The land is too changed to ever change.
The observation refers to singer/songwriter Josh Ritter’s native Idaho, but it reflects a widespread perception of the N.C. Piedmont. Some people believe we’ve plowed and paved our way into ecological oblivion. I’ve even heard a prominent conservationist question whether the Piedmont is a viable eco-region. When people assume there’s nothing special in the Piedmont – nothing left worth saving – our region gets overlooked in terms of conservation.
For many years, a visitor to the North Carolina Botanical Garden in Chapel Hill could stroll through the tranquil, shady Mountain Habitat display garden featuring spring ephemerals, rhododendrons, azaleas and ferns, and then emerge into the sunny Coastal Plain and Sandhills Habitat display garden, where tiny controlled burns are employed to please the longleaf pines and other species native to those regions. Anyone remotely familiar with our state’s geography might be confused by the abrupt transition. What happened to the Piedmont? I highly respect the garden’s work on behalf of native plants across our state, but I was always a little disappointed we didn’t rate a garden of our own. I worried that it played into the notion that our landscape no longer supports natural communities of any interest..
I’m thrilled to report this is no longer the case. The botanical garden now boasts a Piedmont Habitat display garden. The first order of business in establishing this garden was – wait for it – tearing up pavement! When the botanical garden’s new Education Center was built, access to the garden was rerouted, and a short extension of Laurel Hill Road was closed. This former road corridor offered a sunny location to highlight plants that characterize our region.
The garden is organized into four different beds. The shady woodland area features a chalk maple and shrubs like American snowbell and rusty blackhaw viburnum. The herbaceous layer is quiet now, but in the spring bloodroot, green and gold, and foam flower will bloom among the evergreen Christmas ferns. Across the way, a long, curving bed is devoted to plants commonly seen along our roadsides. It’s especially colorful this time of year with the purple, yellow and white of ironweed, sunflowers and wild quinine. Blooms will continue well into fall. One end is dominated by native grasses and shrubs such as witch hazel, buckeye, sumac, sparkleberry and New Jersey tea.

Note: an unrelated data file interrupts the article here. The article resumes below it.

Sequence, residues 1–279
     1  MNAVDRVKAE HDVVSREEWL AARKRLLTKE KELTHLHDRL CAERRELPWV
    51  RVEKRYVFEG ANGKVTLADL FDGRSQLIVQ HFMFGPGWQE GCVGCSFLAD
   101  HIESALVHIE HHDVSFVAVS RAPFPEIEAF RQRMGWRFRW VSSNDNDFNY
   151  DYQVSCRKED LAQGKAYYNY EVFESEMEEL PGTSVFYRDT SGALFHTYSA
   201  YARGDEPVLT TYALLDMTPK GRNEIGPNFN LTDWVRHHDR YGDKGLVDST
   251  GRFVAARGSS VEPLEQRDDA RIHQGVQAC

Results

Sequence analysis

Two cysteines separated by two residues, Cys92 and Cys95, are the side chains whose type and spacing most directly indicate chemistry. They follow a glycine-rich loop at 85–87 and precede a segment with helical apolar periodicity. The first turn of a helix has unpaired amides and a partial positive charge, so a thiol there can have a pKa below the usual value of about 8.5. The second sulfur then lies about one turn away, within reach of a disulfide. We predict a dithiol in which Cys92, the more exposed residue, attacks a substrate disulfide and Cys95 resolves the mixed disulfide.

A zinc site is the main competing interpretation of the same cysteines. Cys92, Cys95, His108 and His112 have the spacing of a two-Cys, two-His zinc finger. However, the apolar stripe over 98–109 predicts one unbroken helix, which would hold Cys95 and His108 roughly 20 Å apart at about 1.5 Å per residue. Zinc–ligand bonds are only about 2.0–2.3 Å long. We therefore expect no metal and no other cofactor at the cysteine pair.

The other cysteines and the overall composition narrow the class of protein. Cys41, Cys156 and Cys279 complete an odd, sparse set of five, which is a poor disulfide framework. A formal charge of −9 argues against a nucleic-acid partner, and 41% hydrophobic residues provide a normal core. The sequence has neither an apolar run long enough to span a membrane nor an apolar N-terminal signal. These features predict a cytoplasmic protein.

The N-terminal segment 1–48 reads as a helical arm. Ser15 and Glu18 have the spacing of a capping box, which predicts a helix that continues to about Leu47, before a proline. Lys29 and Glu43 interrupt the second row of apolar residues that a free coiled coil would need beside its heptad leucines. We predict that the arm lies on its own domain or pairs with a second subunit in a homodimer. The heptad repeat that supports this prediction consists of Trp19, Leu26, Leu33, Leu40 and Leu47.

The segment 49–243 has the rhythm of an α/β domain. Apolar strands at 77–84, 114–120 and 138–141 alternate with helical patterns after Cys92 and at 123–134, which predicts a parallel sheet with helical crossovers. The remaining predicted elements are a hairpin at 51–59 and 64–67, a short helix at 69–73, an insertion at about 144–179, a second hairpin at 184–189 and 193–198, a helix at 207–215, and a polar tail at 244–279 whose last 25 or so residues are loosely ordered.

There’s another irony to this garden. Even though roads have destroyed natural communities across the Piedmont, they’ve also helped preserve scraps of native habitat. Piedmont prairies have been lost to fire suppression and forest succession, but remnants hang on where land is kept mowed along power lines and roadsides.
In between these beds, there’s a section anchored by a large diabase rock. This volcanic rock is hard and dense, and it resists erosion. When covered by a thin layer of clay, it creates a Piedmont barren, a natural community inhospitable to trees, something unusual in our region. Many rare plants appear in this bed – smooth coneflower, Georgia aster and prairie goldenrod, which, despite its name, is actually white.
The last bed was planted over the winter and now in its first growing season. Habitat Gardens curator Chris Liloia jokingly calls it the “Pampered Piedmont Garden.” It provides space for delicate plants that didn’t fit well into any of the other beds. Several were collected in the Uwharries, including the dainty Sandhill St. Johnswort and the leather-flower. The latter, a purple bell-shaped clematis, now rambles over a tractor’s dented grill. Nearby, rusty tractor discs look as if they’re running through a patch of muhly grass. These antique farm implements add a whimsical bit of structure to a garden in its early stages. Placing them in a bed of native plants might prompt us to consider how agriculture has shaped our landscape in the Piedmont. An optimistic contrarian, I like to think they represent the machinery that sometimes needs to be employed to create a garden of our own and restore our natural areas.
Thanks to Laura Cotterman and Chris Liloia for taking time to give me a tour of the new Piedmont Habitat display garden. For more information, visit www.ncbg.unc.edu and check for updates on the “Around the Garden” blog.